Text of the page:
• Han Lab Research

    The research in Dr. Han laboratory is currently focused on the pathogenesis of chronic gastrointestinal injuries, and development of potential treatments for enteric infection and inflammation in the pediatric patients. His lab projects include: 

  • Current Projects

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    Stem cell therapy has recently achieved many successful cases in the personalized treatment of chronic and persistent mucosal inflammation; however, trans-differentiation of these stem cells into different cell types causes numerous problems. It was reported that intestinal epithelial stem cell-derived enteroids have a better potential in healing gastro-intestinal ulceration, but lack of fundamental mechanisms significantly blocks the development of intestinal stem cell treatment. Cytokine/JAK/STAT signaling is suggested to mediate intestinal stem cell homeostasis. In this project, we mainly focus on investigation of the role of JAK/STAT signaling in the adult stem cell responses to intestinal injury. Using a series of proof-of-concept studies with JAK-STAT mutant mice, mouse or human adult stem cells, we will, first, characterize the role of JAK-STAT signaling in adult stem cell differentiation; second, we will define the sufficiency of activation of JAK-STAT signaling for intestinal barrier differentiation. We believe that our investigations will permit a collaborative team of basic scientists and clinical investigators to start a novel potential therapeutic avenue for restoring intestinal hemostasis. Our work will be beneficial to obtain molecular insights to fight diseases driven by intestinal infection or chronic inflammation with impact on cancer manifestation. This project is a collaborative study with Intestinal Rehabilitation Research Program, Development Biology and Pediatric Surgery at Cincinnati Children's, and Ludwig Boltzmann Institute for Cancer Research (LBI-CR), Vienna, Austria.

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    Dysregulated organ barrier function is highly involved in the pathogenesis of chronic degenerative diseases, for instance, inflammatory bowel diseases (IBD). However, the mechanisms and regulation are poorly defined. We reported that a negative feed-back loop STAT5→NF-κB → MLCK) directly regulates intestinal barrier function and response to injury relevant to human IBD (see Figure, EMBO Molecular Medicine, 2012). In the subsequent investigations, we will test the requirement of epithelial STAT5 signaling during the treatments and repair of mucosal inflammation with stem cell growth factors, cytokines or natural plant compounds known to be beneficial or detrimental for GI tract repair. These studies will not only lead to increased scientific knowledge of mucosal innate immunity, but these studies will also provide a novel therapeutic target for treatment of epithelial barrier dysfunction in IBD or colon cancer. This project is a collaborative study with the IBD center, division of Allergy and Immunology, and division of Bioinformatics, Intestinal Rehabilitation Research Program, Cincinnati Children's Hospital, University of Chicago in Chicago and the Ludwig Boltzmann Institute of Cancer Research in Vienna, Austria.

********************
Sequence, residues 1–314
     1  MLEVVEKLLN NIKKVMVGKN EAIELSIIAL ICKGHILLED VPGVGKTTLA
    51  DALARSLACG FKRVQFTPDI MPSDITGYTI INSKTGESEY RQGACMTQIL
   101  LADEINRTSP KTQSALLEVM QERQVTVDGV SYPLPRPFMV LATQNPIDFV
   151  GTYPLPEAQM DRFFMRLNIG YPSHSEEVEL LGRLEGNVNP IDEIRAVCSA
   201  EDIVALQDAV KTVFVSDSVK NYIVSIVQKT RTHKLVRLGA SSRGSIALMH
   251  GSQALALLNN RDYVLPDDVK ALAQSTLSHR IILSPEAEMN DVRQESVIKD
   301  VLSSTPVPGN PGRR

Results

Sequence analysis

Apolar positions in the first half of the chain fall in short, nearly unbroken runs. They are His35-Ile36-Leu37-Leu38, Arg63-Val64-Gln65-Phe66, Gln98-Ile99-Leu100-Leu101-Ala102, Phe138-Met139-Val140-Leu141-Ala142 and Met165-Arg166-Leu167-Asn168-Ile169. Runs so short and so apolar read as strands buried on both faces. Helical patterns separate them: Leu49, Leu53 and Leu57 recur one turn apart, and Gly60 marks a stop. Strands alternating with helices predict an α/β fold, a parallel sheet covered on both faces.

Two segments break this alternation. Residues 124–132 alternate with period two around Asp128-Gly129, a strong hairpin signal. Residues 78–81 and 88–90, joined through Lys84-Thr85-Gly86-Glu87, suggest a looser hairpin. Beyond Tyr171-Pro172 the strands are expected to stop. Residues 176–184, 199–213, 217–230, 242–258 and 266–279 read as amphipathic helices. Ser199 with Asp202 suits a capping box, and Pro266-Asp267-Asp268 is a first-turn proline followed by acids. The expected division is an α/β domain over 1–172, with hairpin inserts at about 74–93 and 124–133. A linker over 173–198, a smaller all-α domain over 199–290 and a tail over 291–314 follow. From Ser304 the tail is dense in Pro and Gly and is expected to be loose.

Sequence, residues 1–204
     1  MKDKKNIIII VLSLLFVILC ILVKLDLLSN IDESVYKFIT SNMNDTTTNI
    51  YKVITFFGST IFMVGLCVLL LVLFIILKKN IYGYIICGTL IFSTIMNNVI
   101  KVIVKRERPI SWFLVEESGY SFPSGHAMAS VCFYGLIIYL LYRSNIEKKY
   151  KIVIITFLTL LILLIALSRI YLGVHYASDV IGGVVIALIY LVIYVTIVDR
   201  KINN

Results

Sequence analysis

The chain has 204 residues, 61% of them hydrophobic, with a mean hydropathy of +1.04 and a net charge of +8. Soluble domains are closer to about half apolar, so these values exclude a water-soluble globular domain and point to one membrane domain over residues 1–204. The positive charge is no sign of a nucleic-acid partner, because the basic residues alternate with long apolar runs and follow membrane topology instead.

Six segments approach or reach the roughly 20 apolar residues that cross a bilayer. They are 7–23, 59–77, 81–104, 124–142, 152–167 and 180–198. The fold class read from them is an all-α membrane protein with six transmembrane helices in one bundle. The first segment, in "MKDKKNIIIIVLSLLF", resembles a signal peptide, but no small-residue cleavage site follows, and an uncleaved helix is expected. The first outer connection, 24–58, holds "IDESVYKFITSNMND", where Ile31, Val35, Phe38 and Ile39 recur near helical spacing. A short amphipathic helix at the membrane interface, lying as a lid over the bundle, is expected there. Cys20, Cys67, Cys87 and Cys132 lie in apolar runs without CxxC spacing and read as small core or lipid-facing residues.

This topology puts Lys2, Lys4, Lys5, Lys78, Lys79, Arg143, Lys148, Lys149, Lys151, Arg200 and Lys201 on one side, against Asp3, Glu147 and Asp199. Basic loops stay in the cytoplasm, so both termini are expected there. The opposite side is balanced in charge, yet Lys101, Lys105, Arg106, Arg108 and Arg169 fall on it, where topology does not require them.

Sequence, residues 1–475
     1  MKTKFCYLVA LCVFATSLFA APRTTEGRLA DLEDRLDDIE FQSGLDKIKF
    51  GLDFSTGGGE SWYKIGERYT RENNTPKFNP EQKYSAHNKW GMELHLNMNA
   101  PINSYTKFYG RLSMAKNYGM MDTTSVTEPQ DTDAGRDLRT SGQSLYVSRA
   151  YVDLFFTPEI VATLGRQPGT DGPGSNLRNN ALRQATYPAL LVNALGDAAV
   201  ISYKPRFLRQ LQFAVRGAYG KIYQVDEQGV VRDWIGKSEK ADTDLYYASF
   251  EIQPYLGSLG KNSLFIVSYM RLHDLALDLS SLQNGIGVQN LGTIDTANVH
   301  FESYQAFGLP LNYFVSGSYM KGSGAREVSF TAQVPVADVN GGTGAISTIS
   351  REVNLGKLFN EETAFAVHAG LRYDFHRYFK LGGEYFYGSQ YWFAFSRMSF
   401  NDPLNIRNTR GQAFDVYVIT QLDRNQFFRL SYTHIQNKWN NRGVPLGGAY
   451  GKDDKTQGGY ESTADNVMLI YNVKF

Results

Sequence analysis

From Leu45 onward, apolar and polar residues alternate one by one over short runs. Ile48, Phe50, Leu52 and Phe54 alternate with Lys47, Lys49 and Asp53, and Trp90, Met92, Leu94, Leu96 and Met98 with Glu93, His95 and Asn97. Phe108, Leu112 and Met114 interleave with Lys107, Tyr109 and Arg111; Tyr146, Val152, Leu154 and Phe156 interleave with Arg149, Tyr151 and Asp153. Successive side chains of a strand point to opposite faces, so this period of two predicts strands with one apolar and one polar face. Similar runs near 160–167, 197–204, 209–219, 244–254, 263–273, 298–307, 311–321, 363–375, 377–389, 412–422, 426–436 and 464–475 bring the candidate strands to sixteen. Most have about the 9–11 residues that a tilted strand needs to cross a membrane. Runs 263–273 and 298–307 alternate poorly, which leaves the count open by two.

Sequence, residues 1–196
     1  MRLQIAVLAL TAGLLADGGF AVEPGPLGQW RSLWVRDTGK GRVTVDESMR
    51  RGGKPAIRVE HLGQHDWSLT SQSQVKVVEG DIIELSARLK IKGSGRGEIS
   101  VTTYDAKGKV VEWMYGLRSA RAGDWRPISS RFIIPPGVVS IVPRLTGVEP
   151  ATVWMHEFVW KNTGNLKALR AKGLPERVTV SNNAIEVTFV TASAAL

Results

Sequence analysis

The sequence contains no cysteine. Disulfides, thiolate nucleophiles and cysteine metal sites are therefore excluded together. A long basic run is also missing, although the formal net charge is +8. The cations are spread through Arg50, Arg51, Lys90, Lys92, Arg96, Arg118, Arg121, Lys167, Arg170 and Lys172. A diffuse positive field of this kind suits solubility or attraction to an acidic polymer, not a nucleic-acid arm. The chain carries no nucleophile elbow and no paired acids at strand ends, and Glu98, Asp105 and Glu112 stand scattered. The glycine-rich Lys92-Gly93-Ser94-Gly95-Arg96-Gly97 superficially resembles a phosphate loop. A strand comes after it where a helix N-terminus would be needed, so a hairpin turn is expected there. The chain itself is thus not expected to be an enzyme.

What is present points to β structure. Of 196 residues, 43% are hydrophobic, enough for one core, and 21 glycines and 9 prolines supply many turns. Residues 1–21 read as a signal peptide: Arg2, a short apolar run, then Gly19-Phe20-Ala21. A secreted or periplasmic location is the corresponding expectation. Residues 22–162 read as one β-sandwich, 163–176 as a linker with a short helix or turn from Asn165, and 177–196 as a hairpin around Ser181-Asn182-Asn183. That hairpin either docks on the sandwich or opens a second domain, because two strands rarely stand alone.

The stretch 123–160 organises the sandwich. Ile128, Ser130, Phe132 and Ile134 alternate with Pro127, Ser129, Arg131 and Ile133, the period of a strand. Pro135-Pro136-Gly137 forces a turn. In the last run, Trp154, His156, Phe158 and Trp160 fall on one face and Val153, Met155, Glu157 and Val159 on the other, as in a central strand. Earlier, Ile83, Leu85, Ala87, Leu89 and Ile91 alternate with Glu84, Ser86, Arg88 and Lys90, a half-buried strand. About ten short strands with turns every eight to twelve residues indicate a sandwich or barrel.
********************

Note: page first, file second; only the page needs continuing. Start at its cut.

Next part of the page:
• Lab Publications

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    Glibert S, Zhang R, Denson L, Moriggl R, Steinbrecher K, Shroyer N, Lin J, Han X. EnterocyteSTAT5 Promotes Mucosal Wound Healing via Suppression of Myosin Light Chain Kinase-mediated Loss of Barrier Function and Inflammation.EMBO Molecular Medicine, 4(2):109-124. Feb 2012.
    Han X, Mann EA, Gilbert S, Guan Y, Steinbrecher KA, Montrose MH, Cohen MB. Loss of Guanylyl Cyclase C (GC-C) Signaling Leads to Dysfunctional Intestinal Barrier. PLoS One, 6(1):e16139, 2011. 
    Han X, Gilbert S, Groschwitz K, Hogan S, Trapnell B, Samson C, Gully J.Loss of GM-CSF Signaling in Nonhematopoietic Cells Increases NSAID Ileal Injury. Gut, 59(8):1066-78.  Aug 2010.
    Han X, Ren X, Jurickova I, Groschwitz K, Pasternak BA, Xu H, Wilson TA, Hogan SP, Denson LA. Regulation of intestinal barrier function by signal transducer and activator of Transcription 5bGut. 58(1):49-58. 2009.
  • Collaboration with core facilities

    Pluripotent Stem Cell and Organoid Core.
    Integrative Morphology Core and Laser Capture Microdissection (LCM) Core.
    Bioinformatics Core.